WesBell Electronics
Wire and Cable Blog

Posts tagged: type e wire

Pros and Cons of Using the PTFE 18 AWG Wire

For those who love fixing things or simply want to have things done on their own, knowledge about different types of hookup wires is very valuable. Not being able to use the most appropriate type of wire for each job will not only lead to waste of time and money. It can also be very dangerous and can pose a threat to one’s life and the safety of his family or workplace. For instance, it is important to know that for projects requiring high temperature wire, the best option is the PTFE 18 AWG wire. Let us take a closer look at its characteristics, as well as the pros and cons of using this type of wire.

There are different types of PTFE wire. The most typical types are Type E, Type EE, Type ET and the STJ or shielded tape jacket version. The difference between these types is dictated by the following: voltage, ampacity and appearance. In terms of voltage, STJ and Type E can accommodate 600 volts. Type EE is best for 1,000 volts, while Type ET is suited for 250 volts. The next point for comparison is ampacity, or the amount of current that the wires can conduct. Usually, this is directly proportional to the voltage, so higher currents would requires a wire that can also accommodate high voltage. The last identifier among these types is appearance. For instance, the STJ cables have two sub-types – shielded and unshielded. Choosing between these two types would be based on additional factors such as the probability of the equipment incurring a temperature higher than 200 degrees Celsius, thus needing more insulation for safety reasons.

The PTFE 18 AWG wire is a good buy because it is available in the different types mentioned above. In addition, it has a stranding of 19/30 or 19 strands of 30 AWG wires. The diameter is also good at 0.07 inches. It also has several approvals such as the UL 1213, VW-1 Flame Test, and Mil Spec M16878/4. It is also RoHS Compliant so there is no need to worry about any hazardous risks coming from using the wire.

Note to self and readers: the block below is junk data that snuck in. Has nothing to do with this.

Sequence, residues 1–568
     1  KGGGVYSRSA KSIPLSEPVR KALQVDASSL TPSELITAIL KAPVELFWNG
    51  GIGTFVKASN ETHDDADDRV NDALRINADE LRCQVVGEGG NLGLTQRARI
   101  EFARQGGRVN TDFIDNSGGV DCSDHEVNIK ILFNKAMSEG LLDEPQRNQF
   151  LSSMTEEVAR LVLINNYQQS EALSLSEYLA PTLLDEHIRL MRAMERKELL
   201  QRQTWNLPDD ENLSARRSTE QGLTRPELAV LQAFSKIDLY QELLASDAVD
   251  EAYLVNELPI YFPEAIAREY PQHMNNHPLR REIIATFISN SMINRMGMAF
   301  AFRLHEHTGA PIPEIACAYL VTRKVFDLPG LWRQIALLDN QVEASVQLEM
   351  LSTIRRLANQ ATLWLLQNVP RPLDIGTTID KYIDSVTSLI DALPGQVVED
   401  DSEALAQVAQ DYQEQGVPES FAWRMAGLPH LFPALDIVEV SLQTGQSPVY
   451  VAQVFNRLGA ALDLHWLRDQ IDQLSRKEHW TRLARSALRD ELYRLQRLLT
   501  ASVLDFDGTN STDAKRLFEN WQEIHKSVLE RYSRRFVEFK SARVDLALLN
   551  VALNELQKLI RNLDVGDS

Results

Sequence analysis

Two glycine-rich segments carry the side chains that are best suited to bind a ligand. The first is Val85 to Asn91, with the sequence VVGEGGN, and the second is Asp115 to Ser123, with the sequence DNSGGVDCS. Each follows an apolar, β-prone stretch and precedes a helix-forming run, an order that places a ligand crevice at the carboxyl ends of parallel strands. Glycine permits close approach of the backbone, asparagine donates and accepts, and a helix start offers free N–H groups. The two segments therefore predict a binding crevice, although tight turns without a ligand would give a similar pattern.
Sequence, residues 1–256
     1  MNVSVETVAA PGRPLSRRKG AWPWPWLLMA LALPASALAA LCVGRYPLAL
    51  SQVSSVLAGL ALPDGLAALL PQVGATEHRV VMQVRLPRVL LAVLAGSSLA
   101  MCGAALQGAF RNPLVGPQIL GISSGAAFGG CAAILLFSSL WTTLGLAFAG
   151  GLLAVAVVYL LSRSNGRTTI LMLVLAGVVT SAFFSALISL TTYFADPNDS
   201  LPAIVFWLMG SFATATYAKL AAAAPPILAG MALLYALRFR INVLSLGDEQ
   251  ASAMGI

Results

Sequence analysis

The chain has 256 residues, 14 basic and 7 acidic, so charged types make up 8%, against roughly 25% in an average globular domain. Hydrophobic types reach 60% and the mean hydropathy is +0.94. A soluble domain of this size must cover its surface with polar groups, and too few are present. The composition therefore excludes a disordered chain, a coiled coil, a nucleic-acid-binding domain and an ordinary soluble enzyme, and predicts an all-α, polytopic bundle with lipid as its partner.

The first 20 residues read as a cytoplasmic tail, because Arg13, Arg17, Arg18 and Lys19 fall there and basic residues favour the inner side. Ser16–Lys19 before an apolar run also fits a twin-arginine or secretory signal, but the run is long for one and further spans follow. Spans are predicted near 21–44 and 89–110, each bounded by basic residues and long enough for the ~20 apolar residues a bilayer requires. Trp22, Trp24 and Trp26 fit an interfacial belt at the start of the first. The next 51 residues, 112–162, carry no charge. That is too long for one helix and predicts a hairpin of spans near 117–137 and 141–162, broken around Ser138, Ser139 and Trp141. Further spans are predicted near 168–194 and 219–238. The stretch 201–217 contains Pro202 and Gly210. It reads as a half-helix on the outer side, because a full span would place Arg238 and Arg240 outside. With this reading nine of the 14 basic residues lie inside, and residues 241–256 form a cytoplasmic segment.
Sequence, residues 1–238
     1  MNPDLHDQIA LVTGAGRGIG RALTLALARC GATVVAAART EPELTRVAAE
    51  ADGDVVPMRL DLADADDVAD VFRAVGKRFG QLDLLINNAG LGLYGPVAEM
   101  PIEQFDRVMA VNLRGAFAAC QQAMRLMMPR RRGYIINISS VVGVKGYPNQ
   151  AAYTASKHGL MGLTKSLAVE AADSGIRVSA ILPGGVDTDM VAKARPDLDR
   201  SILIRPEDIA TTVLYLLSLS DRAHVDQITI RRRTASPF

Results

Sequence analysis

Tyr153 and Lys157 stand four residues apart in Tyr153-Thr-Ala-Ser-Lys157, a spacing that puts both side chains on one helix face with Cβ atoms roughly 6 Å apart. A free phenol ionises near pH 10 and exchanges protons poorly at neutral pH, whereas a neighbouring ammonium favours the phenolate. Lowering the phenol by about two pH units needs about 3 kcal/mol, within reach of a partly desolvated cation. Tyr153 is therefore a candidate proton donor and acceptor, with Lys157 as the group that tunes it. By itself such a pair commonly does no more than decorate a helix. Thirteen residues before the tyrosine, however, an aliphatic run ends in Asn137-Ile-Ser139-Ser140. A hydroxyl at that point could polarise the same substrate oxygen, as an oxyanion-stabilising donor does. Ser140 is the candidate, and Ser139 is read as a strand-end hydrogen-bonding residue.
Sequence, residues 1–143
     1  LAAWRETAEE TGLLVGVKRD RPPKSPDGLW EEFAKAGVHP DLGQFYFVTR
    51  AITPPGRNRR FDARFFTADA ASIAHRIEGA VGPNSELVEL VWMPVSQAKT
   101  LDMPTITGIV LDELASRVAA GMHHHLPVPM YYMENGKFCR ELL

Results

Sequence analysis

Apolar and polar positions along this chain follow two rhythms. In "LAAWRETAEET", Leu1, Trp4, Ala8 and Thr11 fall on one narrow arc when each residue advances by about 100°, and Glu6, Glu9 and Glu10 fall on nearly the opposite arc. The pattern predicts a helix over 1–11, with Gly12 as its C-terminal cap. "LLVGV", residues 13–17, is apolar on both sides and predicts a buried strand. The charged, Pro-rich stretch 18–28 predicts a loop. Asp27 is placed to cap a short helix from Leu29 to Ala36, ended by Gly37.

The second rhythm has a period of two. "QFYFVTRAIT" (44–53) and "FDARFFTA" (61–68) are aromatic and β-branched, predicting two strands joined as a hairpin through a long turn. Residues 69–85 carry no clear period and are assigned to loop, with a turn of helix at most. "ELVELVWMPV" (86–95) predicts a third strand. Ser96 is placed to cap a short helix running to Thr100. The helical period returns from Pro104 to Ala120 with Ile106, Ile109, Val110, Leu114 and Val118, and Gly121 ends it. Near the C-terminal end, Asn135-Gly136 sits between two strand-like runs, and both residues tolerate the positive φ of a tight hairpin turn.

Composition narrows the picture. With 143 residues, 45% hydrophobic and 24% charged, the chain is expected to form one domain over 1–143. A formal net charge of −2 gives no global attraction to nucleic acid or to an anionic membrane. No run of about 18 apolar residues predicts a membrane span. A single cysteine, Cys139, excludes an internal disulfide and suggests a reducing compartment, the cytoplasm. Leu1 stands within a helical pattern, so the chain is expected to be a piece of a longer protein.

The only downside of using this wire is the price. PTFE wires already cost more than other types of electrical or hook up wire, because of the need for a better insulation for the high temperature. This type of wire, however, is one of the priciest types of PTFE wire that is currently in the market. Thus, some people would opt for other PTFE cables that are less expensive, unless of course the particular job or equipment they are working on specifically requires the stranding and wire gauge that this wire offers.

Overall, the PTFE 18 AWG Wire is a nice catch and a wonderful option among the different types of high temperature wires. Its quality and durability can be helpful in completing work around the house or even in commercial locations. The only setback in using this type is its price. However, if you cannot compromise quality and safety over expenses, then this is the best option.

WesBell Electronics Inc
(800) 334-8400

Difference Between PVC and PTFE Cables

When our customers and website visitors ask for pricing on a PVC cable to compare it to a PTFE cable they’re completely shocked when they hear the difference in price, so we’re going to let you know the differences in order to justify the pricing. Once you understand the engineering, materials and commodities it will be easier to understand the price difference between the two.

PVC cables are manufactured at a much lower cost because they don’t have to meet the high temperature rating that PTFE cables do. PVC stands for Polyvinyl Chloride which is a compound engineered to be used in electronics and other indoor applications.